Hi Kerry,

> I am investigating the possibilities of putting a firewall on
> the end of a 10Gb link. I'd like to be able to inspect at 10Gb
> wirespeed.


If you want wirespeed, you need a wire, not a firewall.

Firewall are about security, and security is about tradeoff (threat
exposure, ease of use and some times performance):
- Full security come as no traffic flow (look at the Ultimate Firewall TM of
Marcus J. Ranum)
- Full speed traffic come as no security

You have also to define how many ms of delay are you ready to
accept, and if you need high availability.

> As this is a scoping project (though it _has_ to happen due to
> the nature of projects in the institute), cost is not the main
> issue. I've come across the Nortel Switched Firewall 6000,
> however this 'only' does 6Gb throughput.


The point here is: "What is throughput?".
This 6Gb, are they :
- small packets
- big packets
- continuous flow
- burst
- first rules match
- last rules match
- with how many TCP connection?
- what was the delay?
- ...

> Alternatively, we have several firewalls which work at 1Gb and are
> wondering if its a better to chanelize [sic] and put say 10 firewalls
> each dealing with different traffic. In coming years, IP
> based VPN's to other sites will become more used - and more 10Gb
> links to site perhaps building up to a 40Gb WAN backbone.


To know what to do, go back to the basics:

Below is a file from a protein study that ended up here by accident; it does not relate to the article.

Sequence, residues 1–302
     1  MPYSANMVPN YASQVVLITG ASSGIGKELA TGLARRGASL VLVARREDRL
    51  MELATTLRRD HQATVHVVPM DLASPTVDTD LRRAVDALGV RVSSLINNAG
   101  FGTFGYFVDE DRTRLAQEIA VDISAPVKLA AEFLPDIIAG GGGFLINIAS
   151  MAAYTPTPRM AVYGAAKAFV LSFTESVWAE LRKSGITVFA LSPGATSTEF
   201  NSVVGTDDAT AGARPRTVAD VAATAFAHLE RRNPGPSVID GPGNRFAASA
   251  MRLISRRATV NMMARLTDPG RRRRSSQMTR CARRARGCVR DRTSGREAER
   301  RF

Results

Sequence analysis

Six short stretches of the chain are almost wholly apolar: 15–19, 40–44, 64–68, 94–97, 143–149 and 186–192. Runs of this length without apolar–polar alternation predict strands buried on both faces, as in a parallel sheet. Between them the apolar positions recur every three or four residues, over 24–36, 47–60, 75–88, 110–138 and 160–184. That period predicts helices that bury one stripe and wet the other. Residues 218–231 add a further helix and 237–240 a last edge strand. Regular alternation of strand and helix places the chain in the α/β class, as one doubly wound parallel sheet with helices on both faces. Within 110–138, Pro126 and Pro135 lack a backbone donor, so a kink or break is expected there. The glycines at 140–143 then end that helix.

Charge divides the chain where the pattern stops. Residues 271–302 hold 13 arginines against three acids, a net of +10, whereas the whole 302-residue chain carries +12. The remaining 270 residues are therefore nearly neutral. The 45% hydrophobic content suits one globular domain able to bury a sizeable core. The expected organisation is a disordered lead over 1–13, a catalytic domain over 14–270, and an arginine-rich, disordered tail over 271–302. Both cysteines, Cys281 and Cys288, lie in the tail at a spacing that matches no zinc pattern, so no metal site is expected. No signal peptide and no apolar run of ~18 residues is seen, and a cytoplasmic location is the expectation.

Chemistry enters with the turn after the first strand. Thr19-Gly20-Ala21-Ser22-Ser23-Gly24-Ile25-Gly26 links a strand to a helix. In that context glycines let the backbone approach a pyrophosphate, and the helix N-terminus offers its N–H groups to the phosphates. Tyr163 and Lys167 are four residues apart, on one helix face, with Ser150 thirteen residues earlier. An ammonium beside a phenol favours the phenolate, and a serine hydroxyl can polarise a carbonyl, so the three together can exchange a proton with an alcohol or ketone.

- what are your trust zones?
- how are defined your trust perimeters (technically, in term of
network)?
- what is your security policy?
Then you can define security architecture and rules.

Firewalls are to enforce your security policy. If you have no security
policy, they are nothing more that luckstone.

> We currently have an IDS which will can handle this much volume.


If you got en IDS handling 10Gb it might be useless. To handle so
many traffic it might be a signature matching only engine. As
signature editors can not keep with all the new attacks, that's
almost useless.
Moreover, how do you handle the logs, and who have a look at them?

Like for firewalls, IDS are to enforce your security policy. If
you have no security policy, they are nothing more that luckstone.

> The next question, is extending the SAN. If using iSCSI, is
> it better to leave this traffic off the firewall and just route
> it through, say a GRE tunnel without encryption?


Why do you need to get iSCCI through a firewall?
Back to the basics: who do you trust, what are your trust perimeter,
etc.

> Would be keen to hear any thoughts on the theory of what I
> want to do.
> Implementation is not so difficult, really after some 'best
> practices' thoughts.


Implementation is difficult. Because the first step is to have a
security policy. Then, implementation is not so difficult.


Jean-Denis Gorin
--
Reality is that which, when you stop believing in it, doesn't go away.
Philipp K. Dick
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